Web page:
Directed by: Paul Katis
Starring: Mark Stanley, Malachi Kirby & David Elliot
Afghanistan 2006. A company of British soldiers are holding an observation area and walk into the dried up Kajaki Dam. Suddenly a mine explodes, seriously maiming one soldier and as his colleagues move to assist with medical aid, they discover that there wasn’t jut one, but many more….
Kajaki is a different kind of war film; it isn’t an “all guns blazing” action movie, but a highly-detailed, tense movie that feels more like a documentary than a drama. The cast features mostly unknown actors with the exception of Tug (one of the medics) who is portrayed by Mark Stanley from Game of Thrones.
This is a strength and a weakness as the audience is not distracted by an A-Lister caught up in the danger. It is also sadly a little bit of a weakness as some of the general public might pass this by due to no recognisable faces.
The script is detailed and continuously spurts out technical military jargon punctuated by slagging and banter that proves that, even when things are really black, there is still humour. The language used by the squaddies is highly colourful to say the least, but realistic.
Also realistic is the make-up used for the numerous injuries the group sustain during the course of the movie; viewers should note that those who are of a more sensitive nature may find these scenes disturbing as you are constantly observing several injured soldiers with missing limbs, complete with lots of blood, shredded tissue, veins, arteries etc.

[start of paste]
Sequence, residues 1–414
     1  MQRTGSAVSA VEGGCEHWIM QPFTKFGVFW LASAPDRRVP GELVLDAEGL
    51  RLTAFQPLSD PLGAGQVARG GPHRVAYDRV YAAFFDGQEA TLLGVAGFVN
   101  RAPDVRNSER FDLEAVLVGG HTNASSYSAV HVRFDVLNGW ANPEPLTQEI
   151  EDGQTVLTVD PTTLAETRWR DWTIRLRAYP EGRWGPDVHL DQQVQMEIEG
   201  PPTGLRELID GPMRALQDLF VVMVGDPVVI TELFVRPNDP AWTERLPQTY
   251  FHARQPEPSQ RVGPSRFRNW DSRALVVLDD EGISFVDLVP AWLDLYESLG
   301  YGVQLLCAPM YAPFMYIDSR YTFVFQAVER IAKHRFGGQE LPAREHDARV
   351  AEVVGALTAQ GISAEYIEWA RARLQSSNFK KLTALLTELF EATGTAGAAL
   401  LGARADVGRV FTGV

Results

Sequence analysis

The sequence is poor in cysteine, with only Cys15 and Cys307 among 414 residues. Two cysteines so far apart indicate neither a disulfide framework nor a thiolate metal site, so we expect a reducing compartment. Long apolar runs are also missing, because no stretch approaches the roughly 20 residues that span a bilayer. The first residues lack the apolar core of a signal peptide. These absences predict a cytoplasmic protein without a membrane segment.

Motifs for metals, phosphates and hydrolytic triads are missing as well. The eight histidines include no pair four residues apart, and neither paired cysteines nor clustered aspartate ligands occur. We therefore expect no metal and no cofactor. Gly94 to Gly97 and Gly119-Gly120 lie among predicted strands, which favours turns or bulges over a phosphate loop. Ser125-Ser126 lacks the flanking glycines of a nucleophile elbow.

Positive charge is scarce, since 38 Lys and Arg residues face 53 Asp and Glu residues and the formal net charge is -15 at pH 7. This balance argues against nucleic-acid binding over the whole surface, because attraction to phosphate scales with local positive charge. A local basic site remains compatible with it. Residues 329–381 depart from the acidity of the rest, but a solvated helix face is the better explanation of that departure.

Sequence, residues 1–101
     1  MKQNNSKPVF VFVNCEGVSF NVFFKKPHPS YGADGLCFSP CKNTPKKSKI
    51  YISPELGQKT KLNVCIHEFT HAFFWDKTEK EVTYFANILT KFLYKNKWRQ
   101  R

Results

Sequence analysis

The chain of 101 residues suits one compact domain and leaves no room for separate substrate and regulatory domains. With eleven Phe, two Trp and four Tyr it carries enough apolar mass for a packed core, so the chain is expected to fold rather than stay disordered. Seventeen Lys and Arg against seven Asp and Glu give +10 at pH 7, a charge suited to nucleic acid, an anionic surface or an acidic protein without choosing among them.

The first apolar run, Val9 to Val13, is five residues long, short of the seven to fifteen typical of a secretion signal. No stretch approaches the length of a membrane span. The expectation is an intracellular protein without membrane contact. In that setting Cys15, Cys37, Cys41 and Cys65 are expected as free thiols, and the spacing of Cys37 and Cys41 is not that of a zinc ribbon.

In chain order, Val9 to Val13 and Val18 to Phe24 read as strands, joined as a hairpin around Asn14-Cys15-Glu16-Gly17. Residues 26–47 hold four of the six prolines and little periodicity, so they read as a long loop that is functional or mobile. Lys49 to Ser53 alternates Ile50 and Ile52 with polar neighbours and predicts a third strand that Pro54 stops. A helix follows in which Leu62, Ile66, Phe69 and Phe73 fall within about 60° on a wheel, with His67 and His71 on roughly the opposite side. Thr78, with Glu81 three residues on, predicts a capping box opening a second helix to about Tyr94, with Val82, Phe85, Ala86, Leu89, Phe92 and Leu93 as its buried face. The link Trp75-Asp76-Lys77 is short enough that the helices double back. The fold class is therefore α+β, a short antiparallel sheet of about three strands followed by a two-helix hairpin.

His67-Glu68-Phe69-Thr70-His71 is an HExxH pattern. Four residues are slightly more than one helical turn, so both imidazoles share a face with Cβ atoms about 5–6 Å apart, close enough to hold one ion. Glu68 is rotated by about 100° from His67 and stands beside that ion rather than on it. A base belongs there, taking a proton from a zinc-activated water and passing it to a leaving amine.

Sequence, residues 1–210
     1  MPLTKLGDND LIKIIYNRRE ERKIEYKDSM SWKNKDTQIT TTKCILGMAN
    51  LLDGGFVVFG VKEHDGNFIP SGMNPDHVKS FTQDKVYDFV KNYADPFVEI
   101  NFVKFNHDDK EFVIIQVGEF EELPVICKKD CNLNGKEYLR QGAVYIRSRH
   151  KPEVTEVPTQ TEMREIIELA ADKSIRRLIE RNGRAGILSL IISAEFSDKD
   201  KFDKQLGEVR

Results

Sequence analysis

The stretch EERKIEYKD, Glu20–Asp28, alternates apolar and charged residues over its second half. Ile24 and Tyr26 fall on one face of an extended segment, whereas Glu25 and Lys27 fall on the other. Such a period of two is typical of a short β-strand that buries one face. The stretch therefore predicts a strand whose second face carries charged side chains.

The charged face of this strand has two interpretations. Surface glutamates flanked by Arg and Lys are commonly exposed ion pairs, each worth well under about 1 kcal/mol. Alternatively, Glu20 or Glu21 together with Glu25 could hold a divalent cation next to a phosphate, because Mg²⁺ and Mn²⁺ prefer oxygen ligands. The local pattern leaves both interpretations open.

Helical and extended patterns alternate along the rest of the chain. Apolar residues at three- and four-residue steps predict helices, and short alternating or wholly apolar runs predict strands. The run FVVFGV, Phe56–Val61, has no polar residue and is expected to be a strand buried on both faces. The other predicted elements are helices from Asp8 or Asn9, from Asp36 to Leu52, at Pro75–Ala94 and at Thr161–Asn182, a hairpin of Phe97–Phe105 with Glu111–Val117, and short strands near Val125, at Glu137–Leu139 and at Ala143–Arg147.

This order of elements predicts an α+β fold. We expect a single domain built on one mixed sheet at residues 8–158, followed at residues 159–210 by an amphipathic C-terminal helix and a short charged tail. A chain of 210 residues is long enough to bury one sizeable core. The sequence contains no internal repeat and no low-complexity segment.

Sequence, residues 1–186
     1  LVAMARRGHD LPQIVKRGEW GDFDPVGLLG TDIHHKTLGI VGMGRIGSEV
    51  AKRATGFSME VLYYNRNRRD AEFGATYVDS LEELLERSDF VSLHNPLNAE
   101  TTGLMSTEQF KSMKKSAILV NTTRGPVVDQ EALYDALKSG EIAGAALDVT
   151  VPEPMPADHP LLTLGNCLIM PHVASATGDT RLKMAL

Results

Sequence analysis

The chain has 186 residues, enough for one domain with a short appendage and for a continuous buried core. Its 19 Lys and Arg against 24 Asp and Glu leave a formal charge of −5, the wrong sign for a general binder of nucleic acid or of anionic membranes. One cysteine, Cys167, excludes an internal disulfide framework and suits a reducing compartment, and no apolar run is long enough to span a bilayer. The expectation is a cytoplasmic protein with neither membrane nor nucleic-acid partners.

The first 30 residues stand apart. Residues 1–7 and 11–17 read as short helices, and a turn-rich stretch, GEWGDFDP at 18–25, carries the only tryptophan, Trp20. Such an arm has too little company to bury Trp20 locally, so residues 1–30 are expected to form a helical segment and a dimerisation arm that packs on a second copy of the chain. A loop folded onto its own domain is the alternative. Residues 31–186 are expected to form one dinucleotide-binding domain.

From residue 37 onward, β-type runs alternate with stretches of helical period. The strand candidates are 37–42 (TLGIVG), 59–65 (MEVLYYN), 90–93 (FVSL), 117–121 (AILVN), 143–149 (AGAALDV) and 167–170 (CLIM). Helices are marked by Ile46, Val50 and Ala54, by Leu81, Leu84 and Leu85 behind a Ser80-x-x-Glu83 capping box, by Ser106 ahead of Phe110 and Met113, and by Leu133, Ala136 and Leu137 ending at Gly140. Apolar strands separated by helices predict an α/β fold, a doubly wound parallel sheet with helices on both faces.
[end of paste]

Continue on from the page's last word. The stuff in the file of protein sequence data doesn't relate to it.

As realistic and accurate as Kajaki is, there are times during the later part of the movie where it feels that the nightmare just doesn’t seem to end – arguably the point. The soldiers’ plight seems never ending and there are several instances where no sound is heard but the agonising screams for morphine. It is during these periods that it can be a little difficult to watch which is a credit to the cast, crew and first time film Director Paul Katis. It does however become a little boring as there are only so many times you can look at bloody limbs and listen to the screams.
Kajaki is a well-made, low budget true story British war film that pulls no punches in its delivery. The incident the film is based upon may not be well known to the audience, but it will certainly leave its mark on the genre.
4 out of 5 Nerds
I would like to add a quick note in that the screening I attended was in aid of various charities including Help for Heroes and The British Legion, whose members and patrons have been directly affected by various conflicts that they and their comrades have taken part in over the decades and who should be commended for their actions, bravery and sacrifice.